Devotees Of Anime Have A Weekend Of Adventure At Otakon

July 16, 2009|By Chris Kaltenbach | Chris Kaltenbach,chris.kaltenbach@baltsun.com

Come this weekend, mild-mannered Harford Community College student Brad Brooks will transform. He'll slip on a black and silver outfit, complete with a black vest, big collar and silver belt. He'll don a turquoise blue wig "that's supposed to be really spiky."

And then he'll slip down to the Baltimore Convention Center, and he'll fit right in. For this is Otakon weekend, when fans of Japanese pop culture gather from all over the world. They'll attend concerts by Japanese performers rarely seen on these shores, watch the latest in Japanese animation (called anime, by those in the know), sit in on fan panels covering almost every imaginable topic ("How to Become a Samurai in 1 Hour," for example), meet artists, writers and celebrities.

Many of them, like Brooks, will be specially dressed for the occasion. In his case, that means becoming Black Star, a character from the popular Soul Eater series. Otakon officials estimate that about 10 percent of the fans who show up for the convention, which kicks off Friday morning and runs through Sunday, will be in costume. Last year's Otakon drew more than 26,000, meaning that Brooks should have plenty of company.

FOR THE RECORD - An article in yesterday's LIVE section misstated Otakon's tenure in Baltimore. The fan convention devoted to Japanese popular culture started in State College, Pa., in 1994 and moved to the Baltimore Convention Center in 1999. Also, tonight's Otakon concert will feature a performance by Japanese singer MELL. The Baltimore Sun regrets the errors.

"Oh, people take it to bigger extremes than me," he says. "You go there, and you look around, and almost everybody is like that. I kind of equate it to Halloween, except it's all weekend, and instead of candy, you get an overload of Japanese culture."

Baltimore has been playing host to Otakon since 1994, when some 350 fans showed up. This year, more than 50 times that many people registered for the convention in advance - up 4.6 percent from last year.

"Otakon is about the whole culture, so everyone can participate," says 2009 convention Chairman Matt Smiechowski, who, like all those who organize and run the convention, volunteers his time. "That inclusiveness really helps build Otakon into what it is."

And what it is, at least in the world of Japanese pop culture celebrated on these shores, is a big thing indeed. Officials are expecting record crowds this year, and have scheduled a whole range of activities to keep everyone busy.

There's a masquerade contest, scheduled for Saturday night at 1st Mariner Arena (not that these fans need a contest to get dressed up; many will spend all weekend in costumes). There are the aforementioned panels, well over 100 of them. There's an entire hall devoted to video gaming, including tournament competition. There's a dance party, the Otakurave, running Friday and Saturday night, with DJs spinning a little bit of everything. There's a dealer's room, where books, magazines, DVDs, figurines, clothing and collectibles will be available.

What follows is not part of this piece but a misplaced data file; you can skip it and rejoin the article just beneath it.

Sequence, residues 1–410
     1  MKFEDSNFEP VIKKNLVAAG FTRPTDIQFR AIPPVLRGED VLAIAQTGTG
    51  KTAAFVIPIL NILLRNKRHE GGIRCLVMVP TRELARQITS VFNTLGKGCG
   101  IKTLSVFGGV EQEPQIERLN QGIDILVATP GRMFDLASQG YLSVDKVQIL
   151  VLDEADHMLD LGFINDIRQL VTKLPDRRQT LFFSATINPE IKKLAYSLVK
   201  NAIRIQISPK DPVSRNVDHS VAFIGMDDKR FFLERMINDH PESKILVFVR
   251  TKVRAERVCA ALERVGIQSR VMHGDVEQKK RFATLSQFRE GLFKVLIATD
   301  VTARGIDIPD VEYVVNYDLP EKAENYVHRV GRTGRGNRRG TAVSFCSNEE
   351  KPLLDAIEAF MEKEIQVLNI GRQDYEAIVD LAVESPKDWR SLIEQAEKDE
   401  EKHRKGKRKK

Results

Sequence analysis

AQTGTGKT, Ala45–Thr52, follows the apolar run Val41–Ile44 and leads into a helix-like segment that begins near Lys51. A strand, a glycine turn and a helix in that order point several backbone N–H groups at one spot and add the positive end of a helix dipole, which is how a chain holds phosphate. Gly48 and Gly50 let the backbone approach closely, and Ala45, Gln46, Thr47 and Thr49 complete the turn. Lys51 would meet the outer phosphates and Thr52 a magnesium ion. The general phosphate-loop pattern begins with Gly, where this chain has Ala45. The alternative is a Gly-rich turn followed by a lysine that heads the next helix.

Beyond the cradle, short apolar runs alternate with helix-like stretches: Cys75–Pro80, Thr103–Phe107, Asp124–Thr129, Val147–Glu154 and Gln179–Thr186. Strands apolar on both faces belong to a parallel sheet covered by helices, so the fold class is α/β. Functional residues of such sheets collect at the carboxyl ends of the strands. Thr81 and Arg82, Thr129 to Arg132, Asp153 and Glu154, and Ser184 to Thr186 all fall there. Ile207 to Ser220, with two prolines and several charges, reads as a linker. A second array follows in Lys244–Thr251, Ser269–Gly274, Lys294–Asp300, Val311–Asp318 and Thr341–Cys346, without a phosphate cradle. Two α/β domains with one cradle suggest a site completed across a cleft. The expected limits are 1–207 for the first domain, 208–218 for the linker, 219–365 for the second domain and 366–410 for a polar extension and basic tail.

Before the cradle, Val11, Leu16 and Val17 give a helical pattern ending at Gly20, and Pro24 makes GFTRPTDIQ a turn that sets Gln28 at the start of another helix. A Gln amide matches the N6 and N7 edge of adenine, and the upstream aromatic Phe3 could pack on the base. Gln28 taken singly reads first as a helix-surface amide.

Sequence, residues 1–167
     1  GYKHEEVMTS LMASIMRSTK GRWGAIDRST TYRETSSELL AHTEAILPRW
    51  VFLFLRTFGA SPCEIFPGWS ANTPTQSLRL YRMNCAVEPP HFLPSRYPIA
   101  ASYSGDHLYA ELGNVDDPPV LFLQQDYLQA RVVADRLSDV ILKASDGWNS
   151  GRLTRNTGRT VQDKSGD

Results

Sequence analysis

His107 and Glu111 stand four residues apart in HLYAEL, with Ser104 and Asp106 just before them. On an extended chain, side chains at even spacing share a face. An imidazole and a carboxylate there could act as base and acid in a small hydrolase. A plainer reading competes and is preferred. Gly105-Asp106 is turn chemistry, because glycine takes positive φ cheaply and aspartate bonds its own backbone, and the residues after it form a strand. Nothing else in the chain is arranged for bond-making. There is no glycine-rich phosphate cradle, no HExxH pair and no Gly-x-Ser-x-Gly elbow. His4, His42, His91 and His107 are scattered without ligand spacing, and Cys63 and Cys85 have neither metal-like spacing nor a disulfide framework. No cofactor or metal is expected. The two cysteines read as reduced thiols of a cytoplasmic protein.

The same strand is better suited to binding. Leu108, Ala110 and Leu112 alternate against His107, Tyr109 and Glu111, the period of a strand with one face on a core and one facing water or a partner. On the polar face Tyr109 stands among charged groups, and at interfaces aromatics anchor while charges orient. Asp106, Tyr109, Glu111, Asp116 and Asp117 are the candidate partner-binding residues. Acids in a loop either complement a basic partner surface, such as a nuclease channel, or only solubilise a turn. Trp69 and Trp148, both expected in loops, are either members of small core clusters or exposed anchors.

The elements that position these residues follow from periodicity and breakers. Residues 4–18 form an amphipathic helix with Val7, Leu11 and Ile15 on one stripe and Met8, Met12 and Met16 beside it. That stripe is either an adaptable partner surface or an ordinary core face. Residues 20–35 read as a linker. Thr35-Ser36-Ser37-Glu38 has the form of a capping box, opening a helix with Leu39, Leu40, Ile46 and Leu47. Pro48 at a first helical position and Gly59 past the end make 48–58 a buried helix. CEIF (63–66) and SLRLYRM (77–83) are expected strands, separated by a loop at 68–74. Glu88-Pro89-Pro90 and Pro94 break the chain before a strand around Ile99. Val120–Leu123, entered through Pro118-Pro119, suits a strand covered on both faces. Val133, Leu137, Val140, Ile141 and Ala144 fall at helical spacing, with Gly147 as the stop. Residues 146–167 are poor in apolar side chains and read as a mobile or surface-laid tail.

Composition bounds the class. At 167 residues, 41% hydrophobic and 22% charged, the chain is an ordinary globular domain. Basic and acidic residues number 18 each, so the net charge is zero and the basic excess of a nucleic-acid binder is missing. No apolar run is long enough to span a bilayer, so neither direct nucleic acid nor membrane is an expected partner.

A concert is scheduled for each day, in a hall with a 2,600-seat capacity. Friday's performer has yet to be announced, but Saturday afternoon, pop cellist Kanon Wakeshima makes her U.S. debut, while Sunday afternoon's lineup includes American singer-guitarist Becca (aka Becca-chan), whose songs have proved quite the hit in Japan, and another Japanese singer making her U.S. debut, Naomi Tamura, whose many hits include the themes for several anime series.

"The way the industry has grown in the past couple years, it's much easier for people to watch anime on basic cable, or order things online," says Omar Jenkins, chief of Otakon's programming section. "So one of the main goals I had was to increase the level of event-programming. It's important for us to have something that most convention-goers can't get at home, or at their local anime club."

Sounds like the Otakon folks know their audience pretty well.

"It's a way to connect not only with your peers, but with the people that produce what you're into," says Brooks, eager to transform himself into Black Star and get down to the Convention Center tomorrow. "It's an experience that you can't really get anywhere else."

If you go

Otakon 2009 runs Friday through Sunday at the Baltimore Convention Center, 1 W. Pratt St. Hours are 8:30 a.m.-2 a.m. Friday and Saturday, 8:30 a.m.-4 p.m. Sunday. Memberships, required for admittance to all convention activities, are available for $65. Information: otakon.com.

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